See also: Fender

EnglishEdit

 
English Wikipedia has an article on:
Wikipedia

EtymologyEdit

fend +‎ -er

PronunciationEdit

NounEdit

fender (plural fenders)

  1. (US) panel of a car which encloses the wheel area, especially the front wheels
    Synonyms: (Australian) guard, (British) wheel arch, (British) wing
  2. (US) a shield, usually of plastic or metal, on a bicycle that protects the rider from mud or water
    Synonym: (British) mudguard
  3. (nautical) any shaped cushion-like object normally made from polymers, rubber or wood that is placed along the sides of a boat to prevent damage when moored alongside another vessel or jetty, or when using a lock, etc. Modern variations are cylindrical although older wooden version and rubbing strips can still be found; old tyres are used as a cheap substitute
  4. a low metal framework in front of a fireplace, intended to catch hot coals, soot, and ash
    • 1907, E.M. Forster, The Longest Journey, Part I, I [Uniform ed., p. 12]:
      Now and then he would make a motion with his feet as if he were running quickly backward upstairs, and would tread on the edge of the fender, so that the fire-irons went flying and the buttered-bun dishes crashed against each other in the hearth.
    • 1941 August, C. Hamilton Ellis, “The English Station”, in Railway Magazine, page 357:
      Our solid, shiny chairs, our immense, dingy sofas, our heavy mahogany tables and our cast-iron fenders, often bearing the initials of long-dead railway companies, likewise our plaster walls of chocolate and duck-egg green and our hissing gasoliers have their roots deep in our national history.

Derived termsEdit

TranslationsEdit

VerbEdit

fender (third-person singular simple present fenders, present participle fendering, simple past and past participle fendered)

  1. (nautical) To use fenders to protect the side of a boat

GalleryEdit

AnagramsEdit


AsturianEdit

VerbEdit

fender (first-person singular indicative present fendo, past participle fendíu)

  1. to split; to shatter
  2. to open up
    ¡Fiéndome al oyer la to estoria!
    I get a chill down my spine when I hear your story!
  3. to chill; to send a chill down someone's spine

GalicianEdit

EtymologyEdit

From Old Galician and Old Portuguese fender (13th century, Cantigas de Santa Maria), from Latin findere, from Proto-Indo-European *bʰeyd- (to split). Cognate with Portuguese fender and Spanish hendir.

PronunciationEdit

VerbEdit

fender (first-person singular present fendo, first-person singular preterite fendín, past participle fendido)

  1. to split, cleave, rip
    • 1370, Ramón Lorenzo (ed.), Crónica troiana. A Coruña: Fundación Barrié, page 426:
      Et tal colpe lle deu per meo do escudo que logo llo fendeu de çima ata fondo
      And he so hardly stroke his [enemy's] shield by the middle that at the moment he split it, from top to bottom
    • 1409, J. L. Pensado Tomé (ed.), Tratado de Albeitaria. Santiago de Compostela: Centro Ramón Piñeiro, page 89:
      Quando as ditas llandoas creçeren asy como Nozes, ou mais ou menos, traua dellas llogo et apretaas et fendeas ao llongo con canyuete agudo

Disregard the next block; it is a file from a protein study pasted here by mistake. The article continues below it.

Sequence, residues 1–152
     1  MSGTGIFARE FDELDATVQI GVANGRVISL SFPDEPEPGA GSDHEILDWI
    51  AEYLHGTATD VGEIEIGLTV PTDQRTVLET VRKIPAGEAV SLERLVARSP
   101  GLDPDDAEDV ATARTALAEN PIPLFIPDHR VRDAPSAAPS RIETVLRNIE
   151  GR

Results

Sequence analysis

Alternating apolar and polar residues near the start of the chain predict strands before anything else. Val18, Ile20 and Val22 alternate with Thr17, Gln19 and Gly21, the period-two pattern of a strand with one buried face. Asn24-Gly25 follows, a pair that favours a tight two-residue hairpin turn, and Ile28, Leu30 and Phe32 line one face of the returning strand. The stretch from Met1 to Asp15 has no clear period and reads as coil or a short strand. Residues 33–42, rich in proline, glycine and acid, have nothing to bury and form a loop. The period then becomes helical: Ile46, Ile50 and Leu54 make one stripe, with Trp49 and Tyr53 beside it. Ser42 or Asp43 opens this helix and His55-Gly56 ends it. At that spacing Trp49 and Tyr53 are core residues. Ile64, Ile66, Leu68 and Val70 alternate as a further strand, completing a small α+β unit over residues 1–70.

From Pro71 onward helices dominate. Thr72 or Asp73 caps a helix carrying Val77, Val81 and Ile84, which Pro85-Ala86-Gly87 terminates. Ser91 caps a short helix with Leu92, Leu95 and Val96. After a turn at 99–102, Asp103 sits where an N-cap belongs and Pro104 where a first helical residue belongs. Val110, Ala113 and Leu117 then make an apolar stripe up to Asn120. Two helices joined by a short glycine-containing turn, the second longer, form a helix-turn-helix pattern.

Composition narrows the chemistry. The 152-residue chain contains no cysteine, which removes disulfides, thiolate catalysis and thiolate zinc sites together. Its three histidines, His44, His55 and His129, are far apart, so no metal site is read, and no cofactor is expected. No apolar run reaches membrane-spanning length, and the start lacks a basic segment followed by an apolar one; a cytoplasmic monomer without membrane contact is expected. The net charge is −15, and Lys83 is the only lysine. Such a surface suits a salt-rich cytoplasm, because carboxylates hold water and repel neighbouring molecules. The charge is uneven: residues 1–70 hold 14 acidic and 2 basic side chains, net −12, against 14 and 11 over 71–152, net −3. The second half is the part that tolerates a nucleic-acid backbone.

when these growths become big as nuts, give or take, grab them readily and squeeze them and cut them open lengthwise with a sharp knife
  2. to crack
  3. to separate
  4. to break through

ConjugationEdit

Derived termsEdit

ReferencesEdit

  • fender” in Dicionario de Dicionarios do galego medieval, SLI - ILGA 2006–2022.
  • fender” in Xavier Varela Barreiro & Xavier Gómez Guinovart: Corpus Xelmírez - Corpus lingüístico da Galicia medieval. SLI / Grupo TALG / ILG, 2006-2016.
  • fender” in Dicionario de Dicionarios da lingua galega, SLI - ILGA 2006–2013.
  • fender” in Tesouro informatizado da lingua galega. Santiago: ILG.
  • fender” in Álvarez, Rosario (coord.): Tesouro do léxico patrimonial galego e portugués, Santiago de Compostela: Instituto da Lingua Galega.

Norwegian BokmålEdit

 
Norwegian Wikipedia has an article on:
Wikipedia no

EtymologyEdit

From English fender.

NounEdit

fender m (definite singular fenderen, indefinite plural fendere or fendre or fendrer, definite plural fenderne or fendrene)

  1. (nautical) a fender

ReferencesEdit


Norwegian NynorskEdit

 
Kai (eller bryggje) ved eit fiskebruk i Vardø. Gamle traktordekk vert ofte, slik som her, hengt opp langs kaisida som fenderar mellom skutesida og kaia. (old tractor tyres used as fenders)

EtymologyEdit

From English fender.

NounEdit

fender m (definite singular fenderen, indefinite plural fenderar, definite plural fenderane)

  1. (nautical) a fender

ReferencesEdit


PortugueseEdit

EtymologyEdit

From Latin findere, present active infinitive of findō, from Proto-Italic *findō, from Proto-Indo-European *bʰeyd- (to split).

VerbEdit

fender (first-person singular present indicative fendo, past participle fendido)

  1. to split, cleave, rip
  2. to crack
  3. to separate
  4. first-person singular (eu) personal infinitive of fender
  5. third-person singular (ele and ela, also used with você and others) personal infinitive of fender
  6. first-person singular (eu) future subjunctive of fender
  7. third-person singular (ele and ela, also used with você and others) future subjunctive of fender

ConjugationEdit

Related termsEdit


VilamovianEdit

PronunciationEdit

NounEdit

fender m

  1. forester